We are indebted to a publisher of tax information called Tax Analysts for its efforts to make the Internal Revenue Service slightly more accountable.
The IRS finds itself beleaguered, sort of, by scandal — the fallout from their practice of impeding applications for tax-exempt status of Tea Party and other “patriot” and “constitutionalist” groups. But the agency doesn’t always cooperate with investigations of its conduct.
Using the Freedom of Information Act, Tax Analysts has sued the IRS to obtain all materials used since 2009 to train Cincinnati personnel in the art of handling applications for tax-exempt status.
Folks at the IRS had at first “agreed” to comply with the FOIA request for these instructions ─ which will shed light on what, exactly, employees have been told at various times about how to deal with applicants of various ideological hue. But the agency kept dithering, first telling Tax Analysts that it would supply the stuff pronto, then saying it needed more time; then saying the same when the next-named comply-by date arrived; etc., ad infinitum.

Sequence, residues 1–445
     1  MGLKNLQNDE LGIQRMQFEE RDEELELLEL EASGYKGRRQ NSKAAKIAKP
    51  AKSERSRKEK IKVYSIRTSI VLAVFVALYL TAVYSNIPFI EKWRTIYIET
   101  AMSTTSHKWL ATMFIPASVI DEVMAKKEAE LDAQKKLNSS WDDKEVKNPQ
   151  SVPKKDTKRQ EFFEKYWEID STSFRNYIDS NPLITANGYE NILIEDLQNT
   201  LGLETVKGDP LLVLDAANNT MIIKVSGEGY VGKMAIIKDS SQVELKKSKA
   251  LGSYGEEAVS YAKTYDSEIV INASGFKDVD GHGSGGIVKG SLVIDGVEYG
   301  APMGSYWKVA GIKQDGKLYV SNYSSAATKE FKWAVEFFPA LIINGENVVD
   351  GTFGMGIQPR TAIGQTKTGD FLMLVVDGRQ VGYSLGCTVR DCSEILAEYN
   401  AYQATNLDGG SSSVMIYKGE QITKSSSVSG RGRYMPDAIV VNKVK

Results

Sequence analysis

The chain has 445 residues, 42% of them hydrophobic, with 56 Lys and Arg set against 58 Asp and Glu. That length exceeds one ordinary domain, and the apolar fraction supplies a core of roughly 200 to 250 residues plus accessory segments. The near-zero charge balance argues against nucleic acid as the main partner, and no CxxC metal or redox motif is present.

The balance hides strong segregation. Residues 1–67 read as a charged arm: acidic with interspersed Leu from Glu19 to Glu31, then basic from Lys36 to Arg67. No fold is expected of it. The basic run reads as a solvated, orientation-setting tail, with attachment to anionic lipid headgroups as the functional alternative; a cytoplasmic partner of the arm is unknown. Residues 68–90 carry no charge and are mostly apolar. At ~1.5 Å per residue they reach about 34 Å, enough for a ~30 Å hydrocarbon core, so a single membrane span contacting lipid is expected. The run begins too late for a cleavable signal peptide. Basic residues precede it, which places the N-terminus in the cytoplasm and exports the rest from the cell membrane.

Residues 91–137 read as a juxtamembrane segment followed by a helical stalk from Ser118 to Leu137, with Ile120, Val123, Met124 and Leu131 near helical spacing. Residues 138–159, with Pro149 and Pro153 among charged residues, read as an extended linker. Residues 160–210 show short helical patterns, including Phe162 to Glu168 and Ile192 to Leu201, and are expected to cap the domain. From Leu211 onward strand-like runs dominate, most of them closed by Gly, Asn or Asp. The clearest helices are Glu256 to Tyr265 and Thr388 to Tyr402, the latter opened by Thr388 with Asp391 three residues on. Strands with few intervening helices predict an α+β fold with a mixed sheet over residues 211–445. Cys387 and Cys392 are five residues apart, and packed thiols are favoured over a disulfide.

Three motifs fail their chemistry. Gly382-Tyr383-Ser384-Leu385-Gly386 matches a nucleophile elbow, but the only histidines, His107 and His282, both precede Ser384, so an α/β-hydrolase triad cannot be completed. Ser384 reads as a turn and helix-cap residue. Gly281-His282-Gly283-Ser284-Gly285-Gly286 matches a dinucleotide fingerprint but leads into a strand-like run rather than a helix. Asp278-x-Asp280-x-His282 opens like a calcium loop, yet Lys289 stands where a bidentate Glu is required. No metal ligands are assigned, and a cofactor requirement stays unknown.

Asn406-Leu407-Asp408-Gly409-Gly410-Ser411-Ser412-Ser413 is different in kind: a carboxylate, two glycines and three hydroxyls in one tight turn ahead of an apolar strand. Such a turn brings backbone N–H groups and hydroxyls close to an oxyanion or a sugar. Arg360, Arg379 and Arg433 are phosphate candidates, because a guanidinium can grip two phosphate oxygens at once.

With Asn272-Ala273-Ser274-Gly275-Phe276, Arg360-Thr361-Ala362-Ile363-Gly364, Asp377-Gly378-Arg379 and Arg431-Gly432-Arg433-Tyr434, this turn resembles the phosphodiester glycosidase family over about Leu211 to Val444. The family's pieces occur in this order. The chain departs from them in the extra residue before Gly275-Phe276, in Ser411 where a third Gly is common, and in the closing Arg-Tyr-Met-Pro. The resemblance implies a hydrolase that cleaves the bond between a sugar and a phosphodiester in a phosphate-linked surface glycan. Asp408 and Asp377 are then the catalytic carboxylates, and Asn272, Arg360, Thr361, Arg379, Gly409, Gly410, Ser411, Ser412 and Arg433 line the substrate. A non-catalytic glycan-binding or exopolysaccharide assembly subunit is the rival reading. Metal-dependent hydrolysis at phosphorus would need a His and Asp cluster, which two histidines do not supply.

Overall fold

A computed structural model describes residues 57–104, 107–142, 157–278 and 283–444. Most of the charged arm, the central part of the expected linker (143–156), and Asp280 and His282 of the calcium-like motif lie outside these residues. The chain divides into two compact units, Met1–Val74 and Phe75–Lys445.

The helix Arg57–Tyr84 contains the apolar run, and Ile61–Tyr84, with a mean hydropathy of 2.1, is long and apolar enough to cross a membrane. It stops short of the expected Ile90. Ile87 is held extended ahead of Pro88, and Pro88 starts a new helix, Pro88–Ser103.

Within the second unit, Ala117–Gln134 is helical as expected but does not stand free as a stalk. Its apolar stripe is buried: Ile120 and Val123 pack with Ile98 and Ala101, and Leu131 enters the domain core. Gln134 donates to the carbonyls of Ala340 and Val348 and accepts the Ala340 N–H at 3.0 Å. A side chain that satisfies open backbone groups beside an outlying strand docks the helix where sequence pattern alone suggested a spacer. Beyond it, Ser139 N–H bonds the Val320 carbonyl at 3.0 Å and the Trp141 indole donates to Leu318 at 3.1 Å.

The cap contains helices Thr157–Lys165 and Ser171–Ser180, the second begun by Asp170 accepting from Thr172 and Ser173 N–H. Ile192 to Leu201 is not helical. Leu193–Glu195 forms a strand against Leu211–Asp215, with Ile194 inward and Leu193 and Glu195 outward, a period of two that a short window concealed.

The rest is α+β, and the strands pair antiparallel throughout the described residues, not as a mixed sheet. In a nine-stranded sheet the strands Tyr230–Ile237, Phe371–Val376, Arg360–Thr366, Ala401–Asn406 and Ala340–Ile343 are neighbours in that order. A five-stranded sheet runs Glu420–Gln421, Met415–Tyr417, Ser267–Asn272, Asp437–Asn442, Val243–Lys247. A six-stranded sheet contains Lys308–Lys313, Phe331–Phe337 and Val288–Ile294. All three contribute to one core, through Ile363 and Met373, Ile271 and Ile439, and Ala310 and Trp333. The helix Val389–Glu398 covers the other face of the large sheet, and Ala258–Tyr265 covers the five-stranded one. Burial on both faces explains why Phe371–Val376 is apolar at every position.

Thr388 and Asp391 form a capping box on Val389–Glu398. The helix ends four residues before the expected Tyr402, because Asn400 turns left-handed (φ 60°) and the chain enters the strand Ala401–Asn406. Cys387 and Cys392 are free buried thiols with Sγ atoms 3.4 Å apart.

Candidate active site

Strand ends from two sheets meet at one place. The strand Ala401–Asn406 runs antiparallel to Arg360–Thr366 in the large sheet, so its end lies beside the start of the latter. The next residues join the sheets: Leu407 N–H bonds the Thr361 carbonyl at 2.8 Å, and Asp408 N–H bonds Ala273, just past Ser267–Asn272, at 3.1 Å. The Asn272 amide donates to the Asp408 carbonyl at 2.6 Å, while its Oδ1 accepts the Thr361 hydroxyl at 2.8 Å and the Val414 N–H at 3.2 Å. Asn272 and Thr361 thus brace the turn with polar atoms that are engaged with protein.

Like the ever-slowing competitor to Zeno’s tortoise, the IRS found it impossible to ever cross the finish line or actually supply any documents.
Yet these guys slap us with penalties if we’re late with the taxes. . . .
Well, Tax Analysts has seen the IRS’s delaying tactics before. So now the matter is in court. Sooner or later we shall learn whether the agency’s own written instructions counsel ideological discrimination, or these instructions are untainted by such but have been flouted by IRS officers.
This is Common Sense. I’m Paul Jacob.